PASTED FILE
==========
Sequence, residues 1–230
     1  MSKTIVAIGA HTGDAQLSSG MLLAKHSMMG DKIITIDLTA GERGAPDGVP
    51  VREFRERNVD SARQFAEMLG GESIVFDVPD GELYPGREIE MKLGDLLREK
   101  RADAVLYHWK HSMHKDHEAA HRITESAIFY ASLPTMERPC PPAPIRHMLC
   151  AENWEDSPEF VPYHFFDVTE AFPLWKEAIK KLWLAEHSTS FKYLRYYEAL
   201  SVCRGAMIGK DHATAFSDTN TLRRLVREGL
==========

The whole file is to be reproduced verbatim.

Sequence, residues 1–230
     1  MSKTIVAIGA HTGDAQLSSG MLLAKHSMMG DKIITIDLTA GERGAPDGVP
    51  VREFRERNVD SARQFAEMLG GESIVFDVPD GELYPGREIE MKLGDLLREK
   101  RADAVLYHWK HSMHKDHEAA HRITESAIFY ASLPTMERPC PPAPIRHMLC
   151  AENWEDSPEF VPYHFFDVTE AFPLWKEAIK KLWLAEHSTS FKYLRYYEAL
   201  SVCRGAMIGK DHATAFSDTN TLRRLVREGL